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5 Quality Control Tests Done By Top Companies In Circuit Manufacturing

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Printed circuit boards are like secret agents—they make things happen behind the limelight. Because of this, how they work is beyond the conjecture of an average person, particularly one who does not know how to tinker with their tech.

To keep everyone’s attention glued to the topic of printed circuit boards, we can say that it is virtually in every device we use now. Raspberry Pi, Amazon’s Echo Dot, Nintendo Switch, Steam Decks, and even wearable tech like the Apple Vision Pro contain multiple layers of these thin conducting sheets.

If you work or do business in this industry, it may be interesting for you to know the quality control tests done on printed circuit boards. This knowledge assures you that no problems will arise while fiddling with the final PCB product. Here are some of the most important tests done by top companies in circuit manufacturing.

Visual Tests

The first test is a visual examination, which the PCB assembly operator himself conducts in a well-lit room. It involves examining the circuit board and ensuring connections are meticulously linked. 

However, such an inspection is definitely insufficient, given that PCBs may have minuscule parts that require magnification to be checked thoroughly. This is where microscope tests take place, which are still a type of visual test, only that they use handheld optical tools. A PCB microscope is specifically designed to get the job done, and companies like FS Tech have the technology to project this inspection onto a larger screen for closer review.

In-Circuit Tests

In-circuit tests, or ICTs, cover essential testing methods that determine whether the hardware is at par with standard product specifications and capabilities. 

ICT will test components one by one to ensure that every part is in the right place, particularly that units become smaller over time. There are different types of ICT, but generally, they aim to assess the function of various parts, find open or short circuits, detect low-functioning components that are probably damaged, and identify the PCB’s electrical functionality.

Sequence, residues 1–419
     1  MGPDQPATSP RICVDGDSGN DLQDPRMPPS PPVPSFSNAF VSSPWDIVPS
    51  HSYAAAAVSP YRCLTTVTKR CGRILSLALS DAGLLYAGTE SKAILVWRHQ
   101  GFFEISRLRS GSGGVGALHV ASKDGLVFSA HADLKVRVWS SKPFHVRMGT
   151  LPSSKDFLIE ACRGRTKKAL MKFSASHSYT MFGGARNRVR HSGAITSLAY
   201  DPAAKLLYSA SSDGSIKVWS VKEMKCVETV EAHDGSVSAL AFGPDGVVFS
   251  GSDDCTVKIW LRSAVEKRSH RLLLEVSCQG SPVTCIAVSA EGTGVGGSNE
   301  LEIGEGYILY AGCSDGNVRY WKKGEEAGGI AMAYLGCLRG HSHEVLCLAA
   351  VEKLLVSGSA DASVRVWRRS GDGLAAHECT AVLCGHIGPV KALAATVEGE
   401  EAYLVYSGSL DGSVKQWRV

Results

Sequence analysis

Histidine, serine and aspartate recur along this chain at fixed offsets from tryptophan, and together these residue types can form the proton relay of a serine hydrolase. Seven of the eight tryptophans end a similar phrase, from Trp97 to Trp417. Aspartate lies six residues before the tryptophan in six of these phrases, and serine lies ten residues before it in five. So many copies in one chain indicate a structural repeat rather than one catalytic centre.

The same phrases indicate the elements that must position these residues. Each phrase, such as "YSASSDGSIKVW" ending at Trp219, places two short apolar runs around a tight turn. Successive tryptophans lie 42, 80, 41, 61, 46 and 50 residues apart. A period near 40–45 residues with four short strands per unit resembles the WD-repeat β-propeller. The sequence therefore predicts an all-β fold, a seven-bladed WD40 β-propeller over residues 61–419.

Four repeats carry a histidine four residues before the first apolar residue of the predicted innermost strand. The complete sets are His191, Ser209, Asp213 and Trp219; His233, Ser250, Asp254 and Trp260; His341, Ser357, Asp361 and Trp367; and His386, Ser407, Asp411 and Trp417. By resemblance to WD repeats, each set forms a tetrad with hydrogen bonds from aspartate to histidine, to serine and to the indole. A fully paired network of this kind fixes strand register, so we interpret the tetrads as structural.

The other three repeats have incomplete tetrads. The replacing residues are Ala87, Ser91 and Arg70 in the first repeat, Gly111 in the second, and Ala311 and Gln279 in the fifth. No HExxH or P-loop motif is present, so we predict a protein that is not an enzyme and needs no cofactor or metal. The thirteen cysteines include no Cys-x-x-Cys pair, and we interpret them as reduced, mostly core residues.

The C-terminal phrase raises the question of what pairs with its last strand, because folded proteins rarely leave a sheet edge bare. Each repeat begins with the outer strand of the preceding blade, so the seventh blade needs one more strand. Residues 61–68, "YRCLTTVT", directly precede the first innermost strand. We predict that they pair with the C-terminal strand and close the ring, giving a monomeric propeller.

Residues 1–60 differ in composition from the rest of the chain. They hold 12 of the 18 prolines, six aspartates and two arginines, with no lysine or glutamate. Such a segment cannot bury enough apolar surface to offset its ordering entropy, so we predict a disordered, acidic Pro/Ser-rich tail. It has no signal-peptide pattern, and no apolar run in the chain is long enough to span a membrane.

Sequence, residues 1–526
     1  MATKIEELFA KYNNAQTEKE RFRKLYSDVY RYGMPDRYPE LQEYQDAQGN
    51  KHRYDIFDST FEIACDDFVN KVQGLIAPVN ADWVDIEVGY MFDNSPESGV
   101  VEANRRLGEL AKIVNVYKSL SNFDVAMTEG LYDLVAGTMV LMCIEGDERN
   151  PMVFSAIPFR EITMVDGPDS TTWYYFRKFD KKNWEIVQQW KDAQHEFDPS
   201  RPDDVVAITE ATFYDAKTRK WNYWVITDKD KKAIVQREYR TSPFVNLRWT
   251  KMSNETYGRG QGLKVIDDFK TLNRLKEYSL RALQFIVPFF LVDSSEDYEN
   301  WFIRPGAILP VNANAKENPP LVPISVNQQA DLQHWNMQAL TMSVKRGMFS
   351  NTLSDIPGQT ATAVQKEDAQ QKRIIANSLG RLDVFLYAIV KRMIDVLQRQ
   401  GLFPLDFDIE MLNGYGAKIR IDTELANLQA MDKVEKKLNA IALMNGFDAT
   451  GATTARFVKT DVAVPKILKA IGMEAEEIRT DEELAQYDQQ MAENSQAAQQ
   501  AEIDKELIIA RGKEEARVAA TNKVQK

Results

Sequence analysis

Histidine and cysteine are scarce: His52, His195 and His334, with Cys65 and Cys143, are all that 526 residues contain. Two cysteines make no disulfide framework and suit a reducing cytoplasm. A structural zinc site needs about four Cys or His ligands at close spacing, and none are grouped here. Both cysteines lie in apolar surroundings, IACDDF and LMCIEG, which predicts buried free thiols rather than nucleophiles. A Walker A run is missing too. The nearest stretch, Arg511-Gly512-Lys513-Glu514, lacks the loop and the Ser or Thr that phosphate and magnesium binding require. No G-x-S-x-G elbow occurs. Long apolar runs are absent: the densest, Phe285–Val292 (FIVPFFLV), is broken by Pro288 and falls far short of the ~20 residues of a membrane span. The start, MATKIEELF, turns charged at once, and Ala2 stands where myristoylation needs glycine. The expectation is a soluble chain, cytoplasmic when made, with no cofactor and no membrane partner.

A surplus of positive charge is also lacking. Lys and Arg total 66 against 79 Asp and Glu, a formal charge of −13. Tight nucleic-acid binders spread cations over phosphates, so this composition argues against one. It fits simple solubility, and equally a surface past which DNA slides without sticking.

Although they sound fancy, automated optical inspections, or AOIs, may be done with cheaper systems. They involve the use of affordable webcams and OpenCV to compare a manufactured PCB unit to a PCB that passed earlier QC processes.

Meanwhile, a top PCB manufacturer may use commercial-grade systems for higher accuracy and faster screening. Here, a machine vision tech that uses ultra-high-quality cameras and RGB LEDs examines solder quality and detects connection faults that could bypass the inspection of its cheaper counterparts.

Saw Inspections

It may be funny to imagine manufacturing companies slicing through circuit boards with fine-toothed saws to prove a point. However, some PCB makers go that far to see the bigger picture of the entire assembly process.

So, this literal “cutting-edge” testing is used to check through holes. They fabricate board extensions to lessen expense and then magnify the internal components for examination. It’s also worth noting that this is only recommendable and practical in mass productions.

Functional Testing

Lastly, a production company’s final phase of quality control examination is functional testing. This inspection is as we can all picture out: a tester powers up the final PCB product and puts it through a full trial run to make sure everything is working as intended.

Functional testing will depend on the design and order requirements. For a simple PCB, a test can be as easy as switching power supply testing. On the other hand, full testing procedures, which may sometimes be expensive, may come with strict protocols or test software. This type of quality control test is so straightforward that some companies choose to do it alone and skip other QC tests we mentioned above.

Written by Marcus Richards

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